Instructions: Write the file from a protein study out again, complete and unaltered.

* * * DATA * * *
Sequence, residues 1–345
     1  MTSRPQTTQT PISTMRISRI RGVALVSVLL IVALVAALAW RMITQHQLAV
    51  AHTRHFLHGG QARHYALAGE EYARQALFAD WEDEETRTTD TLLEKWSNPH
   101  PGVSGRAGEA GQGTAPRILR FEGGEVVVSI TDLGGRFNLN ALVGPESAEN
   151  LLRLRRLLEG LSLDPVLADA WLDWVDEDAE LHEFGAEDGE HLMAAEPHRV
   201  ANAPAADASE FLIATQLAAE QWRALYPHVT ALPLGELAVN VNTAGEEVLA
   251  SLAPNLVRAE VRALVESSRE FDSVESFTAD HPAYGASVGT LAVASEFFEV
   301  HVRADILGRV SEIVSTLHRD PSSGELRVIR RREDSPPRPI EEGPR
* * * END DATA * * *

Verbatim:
Sequence, residues 1–345
     1  MTSRPQTTQT PISTMRISRI RGVALVSVLL IVALVAALAW RMITQHQLAV
    51  AHTRHFLHGG QARHYALAGE EYARQALFAD WEDEETRTTD TLLEKWSNPH
   101  PGVSGRAGEA GQGTAPRILR FEGGEVVVSI TDLGGRFNLN ALVGPESAEN
   151  LLRLRRLLEG LSLDPVLADA WLDWVDEDAE LHEFGAEDGE HLMAAEPHRV
   201  ANAPAADASE FLIATQLAAE QWRALYPHVT ALPLGELAVN VNTAGEEVLA
   251  SLAPNLVRAE VRALVESSRE FDSVESFTAD HPAYGASVGT LAVASEFFEV
   301  HVRADILGRV SEIVSTLHRD PSSGELRVIR RREDSPPRPI EEGPR